Now we own an Escape 21’. We just finished our 2014 adventure. We drove from Seattle to San Simeon State Park (4 hours south of Frisco) then up the coast to the redwoods, over to Crater Lake and up to Sisters. We then went back to the coast at Tillamook, over to Mt. Rainier, over to Sequim, and back home to Auburn Washington. In all we traveled 3838.9 miles, used 265.16 gallons of gas at an average of $4.27per gal (the highest being in California) for a total cost of $1,138.04 and 14.5 mpg. We towed at sea level on up to 7,000 feet. The Ridgline did fine climbing the hills and controlling our descents. If the grade was 6% or less, the engine took care of speed control, while 7% and above required assistance from the brakes. We maintained 55 to 60 most all the way (flat or climbing, if it wasn’t too curvy). The engine had to rev up to 5,000 rpm at times on the steeper slopes, but engine temp didn’t budge and red line is around 6,500. I didn’t feel bad about that at all. I stopped at multiple weigh stations along the way because of my weight concerns and came up with some interesting numbers. The Ridgeline was almost maxed out in the following categories; rear axle (GAWR-R), truck (GVWR), combined (GCWR), and tongue weight. The Escape 21 was also near its max (GVWR) at 4250 lbs. The trailer GVWR/Tongue weight was 9.39%. I know it’s a little lower than suggested. I don’t know if the Anderson had anything to do with it, but the towing experience was smooth and controlled.
I felt in control at all times. We were not pushed around by large trucks or side winds. Climbing took higher rpms, but that’s to be expected from any vehicle, and the descents were mostly controlled by the Ridgeline engine (D3). For comparison, we were traveling with my cousin who was towing a 23’ Arctic Fox 5er with a Chevy ton and a V8. His rpms were the same during the climbs and braking on down hills was comparable. His mileage was lower, 10mpg, but he was dragging around more weight. We found that hooking up a 5er was quicker then hooking up a trailer with an Anderson WDH, and even though he had a larger truck and a larger trailer, our overall length was within an inch of each other.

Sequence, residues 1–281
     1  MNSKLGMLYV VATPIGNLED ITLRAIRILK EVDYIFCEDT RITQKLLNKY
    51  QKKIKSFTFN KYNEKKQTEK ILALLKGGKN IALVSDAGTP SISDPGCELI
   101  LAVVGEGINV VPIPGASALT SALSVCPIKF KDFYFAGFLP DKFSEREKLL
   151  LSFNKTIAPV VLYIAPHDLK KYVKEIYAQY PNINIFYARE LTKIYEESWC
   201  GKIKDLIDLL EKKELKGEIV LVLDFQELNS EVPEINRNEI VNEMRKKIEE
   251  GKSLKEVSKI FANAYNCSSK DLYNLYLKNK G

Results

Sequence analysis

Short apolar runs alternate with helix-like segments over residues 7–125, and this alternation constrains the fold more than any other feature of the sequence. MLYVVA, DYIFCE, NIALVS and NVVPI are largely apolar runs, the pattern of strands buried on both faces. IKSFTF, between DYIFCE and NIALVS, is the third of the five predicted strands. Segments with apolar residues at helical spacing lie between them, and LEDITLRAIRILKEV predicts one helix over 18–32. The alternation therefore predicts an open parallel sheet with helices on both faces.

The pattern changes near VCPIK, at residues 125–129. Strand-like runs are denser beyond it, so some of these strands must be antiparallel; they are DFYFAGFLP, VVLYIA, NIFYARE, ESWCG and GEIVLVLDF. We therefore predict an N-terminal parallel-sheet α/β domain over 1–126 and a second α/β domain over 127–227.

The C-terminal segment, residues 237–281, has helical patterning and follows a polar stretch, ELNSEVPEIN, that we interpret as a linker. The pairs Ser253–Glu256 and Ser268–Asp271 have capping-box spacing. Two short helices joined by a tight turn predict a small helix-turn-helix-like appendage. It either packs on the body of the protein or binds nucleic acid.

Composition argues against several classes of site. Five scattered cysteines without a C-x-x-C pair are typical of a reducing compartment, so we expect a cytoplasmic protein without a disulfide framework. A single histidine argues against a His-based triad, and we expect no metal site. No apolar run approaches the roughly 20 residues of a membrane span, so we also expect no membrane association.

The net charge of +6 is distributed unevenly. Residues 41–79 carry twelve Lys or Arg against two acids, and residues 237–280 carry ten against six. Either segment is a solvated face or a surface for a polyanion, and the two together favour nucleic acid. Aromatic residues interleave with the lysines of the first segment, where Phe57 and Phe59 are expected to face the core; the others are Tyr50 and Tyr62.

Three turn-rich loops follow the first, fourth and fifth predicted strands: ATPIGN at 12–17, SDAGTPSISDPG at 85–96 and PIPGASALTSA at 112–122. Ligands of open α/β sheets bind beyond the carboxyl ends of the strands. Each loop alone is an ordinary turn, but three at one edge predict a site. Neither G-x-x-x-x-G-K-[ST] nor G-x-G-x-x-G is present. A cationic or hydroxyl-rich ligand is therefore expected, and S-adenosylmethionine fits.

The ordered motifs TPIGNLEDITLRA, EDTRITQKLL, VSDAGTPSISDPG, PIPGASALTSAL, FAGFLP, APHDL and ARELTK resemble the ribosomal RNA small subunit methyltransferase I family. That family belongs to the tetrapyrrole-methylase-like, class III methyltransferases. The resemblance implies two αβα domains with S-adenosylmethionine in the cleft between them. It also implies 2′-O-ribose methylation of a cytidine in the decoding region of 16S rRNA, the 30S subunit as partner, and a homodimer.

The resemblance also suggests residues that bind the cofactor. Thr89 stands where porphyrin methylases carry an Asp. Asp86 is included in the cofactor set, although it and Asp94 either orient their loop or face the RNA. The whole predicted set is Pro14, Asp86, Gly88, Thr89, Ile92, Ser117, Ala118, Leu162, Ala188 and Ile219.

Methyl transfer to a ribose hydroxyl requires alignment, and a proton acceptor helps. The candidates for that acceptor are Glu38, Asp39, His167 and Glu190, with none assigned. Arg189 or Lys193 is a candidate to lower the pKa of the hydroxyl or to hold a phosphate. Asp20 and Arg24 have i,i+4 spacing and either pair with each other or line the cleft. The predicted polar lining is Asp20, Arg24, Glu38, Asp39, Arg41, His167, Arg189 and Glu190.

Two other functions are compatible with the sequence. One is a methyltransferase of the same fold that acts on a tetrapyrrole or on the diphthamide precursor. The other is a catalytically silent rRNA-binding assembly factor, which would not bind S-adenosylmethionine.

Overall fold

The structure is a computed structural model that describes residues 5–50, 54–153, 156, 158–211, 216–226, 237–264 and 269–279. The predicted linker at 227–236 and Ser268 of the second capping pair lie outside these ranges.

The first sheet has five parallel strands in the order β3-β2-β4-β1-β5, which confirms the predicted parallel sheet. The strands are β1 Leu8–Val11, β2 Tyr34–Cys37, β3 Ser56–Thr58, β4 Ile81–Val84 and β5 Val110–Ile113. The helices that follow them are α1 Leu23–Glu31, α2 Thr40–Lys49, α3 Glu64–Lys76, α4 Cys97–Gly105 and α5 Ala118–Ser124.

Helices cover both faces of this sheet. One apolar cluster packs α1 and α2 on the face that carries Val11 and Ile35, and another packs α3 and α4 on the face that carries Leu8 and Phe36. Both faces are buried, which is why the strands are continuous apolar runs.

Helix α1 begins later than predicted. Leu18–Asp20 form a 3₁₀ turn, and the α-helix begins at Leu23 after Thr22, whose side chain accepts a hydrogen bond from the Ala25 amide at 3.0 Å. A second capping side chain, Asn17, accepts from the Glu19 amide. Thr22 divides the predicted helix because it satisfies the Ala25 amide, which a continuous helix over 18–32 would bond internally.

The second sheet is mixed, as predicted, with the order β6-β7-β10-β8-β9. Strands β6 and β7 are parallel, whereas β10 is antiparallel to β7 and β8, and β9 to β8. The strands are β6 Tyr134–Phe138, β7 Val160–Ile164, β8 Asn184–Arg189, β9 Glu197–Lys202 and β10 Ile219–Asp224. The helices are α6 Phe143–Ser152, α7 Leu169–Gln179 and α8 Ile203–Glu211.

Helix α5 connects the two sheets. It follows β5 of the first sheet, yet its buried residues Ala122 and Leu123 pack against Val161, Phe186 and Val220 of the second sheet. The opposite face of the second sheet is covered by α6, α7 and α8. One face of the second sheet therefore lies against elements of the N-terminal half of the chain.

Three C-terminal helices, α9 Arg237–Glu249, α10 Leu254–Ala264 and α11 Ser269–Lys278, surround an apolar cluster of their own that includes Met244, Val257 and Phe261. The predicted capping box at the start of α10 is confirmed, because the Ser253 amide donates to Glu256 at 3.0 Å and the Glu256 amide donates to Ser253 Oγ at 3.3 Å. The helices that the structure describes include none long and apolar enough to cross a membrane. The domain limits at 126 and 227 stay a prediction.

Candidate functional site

Do I wish the Ridgeline had more capability, of course I do, I’m a guy. I’m running near max of its advertised capabilities and that concerns me about longevity. I’ve spoken to Honda, both the maintenance guys at the dealer and direct to Honda through their hot line, and they had nothing but confidence that the Ridgeline would do the job. Am I tempted to purchase a larger tow vehicle, yes. But for now, seeing that 90+% of the miles are daily driving, I’m keeping the Ridgeline. Besides, the Ridgeline fits in my garage, and that’s a real plus in the winter!!
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Old 09-22-2014, 05:25 PM   #50
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Location: Ventura County, California
Trailer: 2013 19 Escape
Posts: 4,524
We use our truck for hauling and towing trailer .when we drive truck towing we stay at 55. We can get 14-15 not towing and between 9-12 when we tow . We have a cover over bed . Your mileage really changes if you go over 55 . Our engine is a V8 351 . It used to carry a camper so it is what we have . It either is truck payments or gas . We have another vehicle for daily use . At first we thought it would be overkill with this big truck but we can haul extra water etc no worries .